The joy of spending a summer evening at the drive-in.

Everyone of a certain age has their “bouncing around the back” of a station wagon story. Usually one that entails fake wood siding, and sibling squabbles that rival those of Cain and Abel. I’m sure I have a few myself, but the reality is that my memory just isn’t that good. I keep only about five to ten years back in active usage, another ten are sometimes brought up for the occasional recollection, and the rest are more vague. What I have instead are moments in time, and composites of things that probably happened again and again but have been entwined into one memory.

That’s how it is with the drive-in for me. It was one of our regular family outings when I was young, and the only thing I still associate with station wagons.

I remember heading with my parents and brother to a long since lost to time double drive-in.

I remember going in pajamas, and having blankets and pillows in the back of the station wagon so we could go to sleep when we got to tired.

I remember that it was always my parents who fell asleep, or at least my Dad.

I remember staying up to watch the second movie which was usually racier than the first although I’m sure still pretty tame.

I remember one of the movies was Walking Tall. Of all the movies that I saw on our many, many trips to the drive-in, I have no idea why this is the one that I remember.

I remember watching the screen on the other side while listening to the audio on my side.

I remember the large metal speaker that hung from the drive’s side window of our car providing audio for the show.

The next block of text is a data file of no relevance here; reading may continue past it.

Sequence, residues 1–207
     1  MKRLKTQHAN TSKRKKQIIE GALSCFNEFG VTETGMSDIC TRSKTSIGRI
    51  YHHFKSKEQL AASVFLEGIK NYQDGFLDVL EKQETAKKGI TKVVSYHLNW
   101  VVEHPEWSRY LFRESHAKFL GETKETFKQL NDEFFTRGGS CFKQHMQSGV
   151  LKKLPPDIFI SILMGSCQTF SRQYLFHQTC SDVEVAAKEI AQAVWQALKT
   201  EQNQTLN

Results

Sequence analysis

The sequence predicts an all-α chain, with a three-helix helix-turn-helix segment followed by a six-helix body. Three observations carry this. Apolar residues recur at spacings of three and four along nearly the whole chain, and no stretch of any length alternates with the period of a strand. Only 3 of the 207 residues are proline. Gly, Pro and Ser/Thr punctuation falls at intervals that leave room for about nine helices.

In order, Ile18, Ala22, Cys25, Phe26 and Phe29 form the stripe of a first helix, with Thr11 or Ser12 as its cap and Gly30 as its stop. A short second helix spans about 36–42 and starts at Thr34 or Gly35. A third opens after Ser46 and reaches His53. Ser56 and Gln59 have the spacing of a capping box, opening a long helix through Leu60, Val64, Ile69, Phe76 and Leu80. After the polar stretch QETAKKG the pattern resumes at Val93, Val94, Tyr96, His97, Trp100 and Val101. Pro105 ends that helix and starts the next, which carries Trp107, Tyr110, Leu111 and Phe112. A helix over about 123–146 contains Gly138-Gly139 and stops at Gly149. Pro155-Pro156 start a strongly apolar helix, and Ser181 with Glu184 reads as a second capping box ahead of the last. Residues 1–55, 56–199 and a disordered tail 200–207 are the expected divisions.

I remember burning little round incense to try to stave off the mosquitoes that seem to like drive-in as much as us, and who found easy access to the inside of the vehicle through the window that couldn’t close because of the speaker.

The isolated memories continue, but the emotional recollection is what is strongest and what I return to often. I always smile and feel pure joy when thinking about a drive-in. I’m sure it’s one of the reasons that when I had my own children, it became a family ritual for us as well.

I even owned the station wagon, although no wood siding. Technology also impacted the experience and for a few outings, the kids were tucked in back with pillows, blankets and a portable DVD player to watch something animated and G rated while the adults sat outside the car and watched the actual movies that were playing on the screen.

Even with changes in how the drive-in was experienced,  the feelings of joy remained and were passed down to my girls who love going to the drive-in as much as I do. The one summer we missed going is still brought up to me regularly, and a mistake I will not make again. We are also lucky in that we have access to three different drive-ins within an easy distance which has to be some type of country record especially for a state that spends much of the time covered in snow and in temperatures far below acceptable for outside movie viewing.